Much like a class full of teenagers at their first school dance, Chrysler and Renault have been eyeing each other across the parquet floor with varying degrees of those two magic words ending in -ust. Since Renault’s sale of AMC to Chrysler back in 1987, they’ve constantly wondered how to get their clutches back into Jeep again, as apparently Jeep was the one brand that got away. Chrysler doesn’t like the idea, but the money might be too good for them to not at least consider loaning Jeep out for a few nights of romantic Franco-Japanese fun.
Meanwhile, Cerberus, like neglectful parents who are conveniently out of town on business, have left the kids at home to fight it out. So when Reuters reported that Chrysler might indeed be breaking up and kicking Jeep to the curb at last, and also reported that Renault-Nissan was first in line to claim a dance, Chrysler LLC Vice Chairman Tom LaSorda said otherwise, in no uncertain terms.
To read more about whether it’s Chrysler or Renault that has the most cooties, follow the jump.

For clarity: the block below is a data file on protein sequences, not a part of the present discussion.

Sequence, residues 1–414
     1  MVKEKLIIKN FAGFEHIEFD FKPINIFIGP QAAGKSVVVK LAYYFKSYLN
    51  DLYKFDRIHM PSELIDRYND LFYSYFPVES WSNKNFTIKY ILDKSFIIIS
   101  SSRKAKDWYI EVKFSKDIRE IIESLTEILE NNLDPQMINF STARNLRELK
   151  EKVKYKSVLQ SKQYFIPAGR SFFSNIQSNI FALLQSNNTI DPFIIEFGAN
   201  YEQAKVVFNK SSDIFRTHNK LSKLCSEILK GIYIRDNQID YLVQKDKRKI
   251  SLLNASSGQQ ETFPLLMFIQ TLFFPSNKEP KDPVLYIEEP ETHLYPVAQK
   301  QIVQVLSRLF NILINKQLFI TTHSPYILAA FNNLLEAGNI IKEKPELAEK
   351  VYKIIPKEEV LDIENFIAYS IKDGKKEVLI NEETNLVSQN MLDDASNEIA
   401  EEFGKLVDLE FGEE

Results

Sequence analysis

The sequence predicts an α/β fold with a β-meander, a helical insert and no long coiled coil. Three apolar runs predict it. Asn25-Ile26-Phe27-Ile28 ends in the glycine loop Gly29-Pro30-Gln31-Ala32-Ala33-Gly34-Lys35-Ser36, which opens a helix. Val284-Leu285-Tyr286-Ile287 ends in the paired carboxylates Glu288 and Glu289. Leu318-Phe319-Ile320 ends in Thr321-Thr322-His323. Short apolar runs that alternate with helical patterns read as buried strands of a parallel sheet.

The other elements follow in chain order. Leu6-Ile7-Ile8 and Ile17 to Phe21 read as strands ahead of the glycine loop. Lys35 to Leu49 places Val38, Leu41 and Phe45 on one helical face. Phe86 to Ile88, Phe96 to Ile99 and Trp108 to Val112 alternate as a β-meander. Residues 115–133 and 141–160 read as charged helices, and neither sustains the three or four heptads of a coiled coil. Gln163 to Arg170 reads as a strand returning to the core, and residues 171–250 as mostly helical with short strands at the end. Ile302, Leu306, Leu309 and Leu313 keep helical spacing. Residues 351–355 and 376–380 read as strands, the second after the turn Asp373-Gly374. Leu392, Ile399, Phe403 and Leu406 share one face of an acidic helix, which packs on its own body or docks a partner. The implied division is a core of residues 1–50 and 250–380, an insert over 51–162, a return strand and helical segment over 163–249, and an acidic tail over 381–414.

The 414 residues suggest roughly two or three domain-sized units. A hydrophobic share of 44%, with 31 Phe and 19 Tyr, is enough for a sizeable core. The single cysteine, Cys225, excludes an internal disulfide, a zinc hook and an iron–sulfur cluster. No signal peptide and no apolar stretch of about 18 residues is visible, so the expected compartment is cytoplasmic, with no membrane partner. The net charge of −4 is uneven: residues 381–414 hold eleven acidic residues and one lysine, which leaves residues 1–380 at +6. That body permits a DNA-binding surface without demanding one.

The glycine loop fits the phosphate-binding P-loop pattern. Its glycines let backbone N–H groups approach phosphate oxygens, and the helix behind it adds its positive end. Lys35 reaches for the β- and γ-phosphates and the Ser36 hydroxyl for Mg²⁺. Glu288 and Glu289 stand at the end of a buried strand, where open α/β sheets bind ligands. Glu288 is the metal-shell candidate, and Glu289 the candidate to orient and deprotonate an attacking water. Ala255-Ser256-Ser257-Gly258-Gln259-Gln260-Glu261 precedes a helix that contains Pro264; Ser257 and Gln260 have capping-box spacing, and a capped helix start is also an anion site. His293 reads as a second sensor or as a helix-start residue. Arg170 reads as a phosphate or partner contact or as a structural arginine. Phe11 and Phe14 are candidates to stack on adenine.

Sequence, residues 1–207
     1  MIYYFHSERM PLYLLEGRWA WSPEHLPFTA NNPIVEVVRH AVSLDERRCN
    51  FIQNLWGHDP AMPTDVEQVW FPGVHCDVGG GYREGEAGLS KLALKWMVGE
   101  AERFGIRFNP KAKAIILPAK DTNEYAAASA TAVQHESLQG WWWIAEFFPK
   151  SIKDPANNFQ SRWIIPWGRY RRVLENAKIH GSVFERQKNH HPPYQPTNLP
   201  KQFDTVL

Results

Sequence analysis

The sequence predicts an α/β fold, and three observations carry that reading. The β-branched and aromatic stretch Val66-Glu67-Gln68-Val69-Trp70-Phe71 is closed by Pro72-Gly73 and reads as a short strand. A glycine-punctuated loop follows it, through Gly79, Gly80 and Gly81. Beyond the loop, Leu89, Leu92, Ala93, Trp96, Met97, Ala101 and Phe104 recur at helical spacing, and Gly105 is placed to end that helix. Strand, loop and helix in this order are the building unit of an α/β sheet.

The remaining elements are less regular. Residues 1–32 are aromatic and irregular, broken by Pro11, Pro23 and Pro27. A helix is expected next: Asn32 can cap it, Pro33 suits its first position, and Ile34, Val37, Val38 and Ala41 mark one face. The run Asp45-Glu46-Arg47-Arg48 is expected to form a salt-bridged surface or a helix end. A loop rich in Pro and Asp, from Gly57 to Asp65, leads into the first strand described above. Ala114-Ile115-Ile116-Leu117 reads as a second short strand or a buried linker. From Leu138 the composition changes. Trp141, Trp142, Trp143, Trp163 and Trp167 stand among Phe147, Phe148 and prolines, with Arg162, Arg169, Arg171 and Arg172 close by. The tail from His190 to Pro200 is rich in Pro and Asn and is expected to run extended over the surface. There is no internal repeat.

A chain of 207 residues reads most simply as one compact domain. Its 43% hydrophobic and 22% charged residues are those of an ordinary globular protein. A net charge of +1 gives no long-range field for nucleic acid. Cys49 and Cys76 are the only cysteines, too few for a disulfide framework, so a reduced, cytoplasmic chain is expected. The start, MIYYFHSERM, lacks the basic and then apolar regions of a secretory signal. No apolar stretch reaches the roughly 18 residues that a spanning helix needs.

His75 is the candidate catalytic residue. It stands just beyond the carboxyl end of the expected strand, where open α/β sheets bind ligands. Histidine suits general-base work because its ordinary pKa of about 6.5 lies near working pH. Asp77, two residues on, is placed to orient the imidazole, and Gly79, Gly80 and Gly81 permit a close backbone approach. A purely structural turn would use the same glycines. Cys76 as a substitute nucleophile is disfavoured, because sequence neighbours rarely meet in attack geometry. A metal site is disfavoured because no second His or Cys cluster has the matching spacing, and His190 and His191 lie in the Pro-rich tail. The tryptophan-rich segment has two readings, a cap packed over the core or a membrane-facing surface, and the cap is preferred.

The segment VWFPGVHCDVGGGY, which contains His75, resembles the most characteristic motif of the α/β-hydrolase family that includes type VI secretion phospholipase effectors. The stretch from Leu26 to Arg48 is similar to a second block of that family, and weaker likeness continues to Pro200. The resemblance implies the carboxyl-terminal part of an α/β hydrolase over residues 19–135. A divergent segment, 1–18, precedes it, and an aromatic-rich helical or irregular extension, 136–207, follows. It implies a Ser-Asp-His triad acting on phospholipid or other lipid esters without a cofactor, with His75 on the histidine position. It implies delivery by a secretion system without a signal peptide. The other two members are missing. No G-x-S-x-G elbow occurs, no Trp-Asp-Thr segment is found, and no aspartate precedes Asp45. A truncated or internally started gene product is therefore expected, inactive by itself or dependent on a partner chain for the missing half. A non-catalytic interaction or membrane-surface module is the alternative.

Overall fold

While LaSorda ruled out the idea that Chrysler was seeking to break out individual brand assets to sell off, he didn’t rule out the possibility of Chrysler itself being sold in its entirety. “Those things are all dealt with at the Cerberus level, and at this point in time I just can’t speak to that.” He did, however, add the caveat that “This company is going to be around. We are not going under.”
Chrysler denies the talks have been taking place. Renault spokeswoman Frederique Le Graves denied it as well, and further went on to deny reports by French newspaper Le Figaro that Renault was looking into the possibility of raising 3 billion Euros (that’s $3.99 billion USD) for the acquisition by issuance of convertible bonds. Renault-Nissan CEO Carlos Ghosn is reportedly most interested in acquiring Jeep in order to utilize its existing US plant resources to aid in reintroduction of Renault to North America, alongside interest in whether or not a foreign firm’s purchase of the brand would affect its eligibility for the bailout funds the US government has promised its parent company.
The demise of the American automobile industry has now devolved into passing anonymous notes to news sources and then denying everything. If only they’d listened to Robert Fulghum, maybe they wouldn’t be in this mess.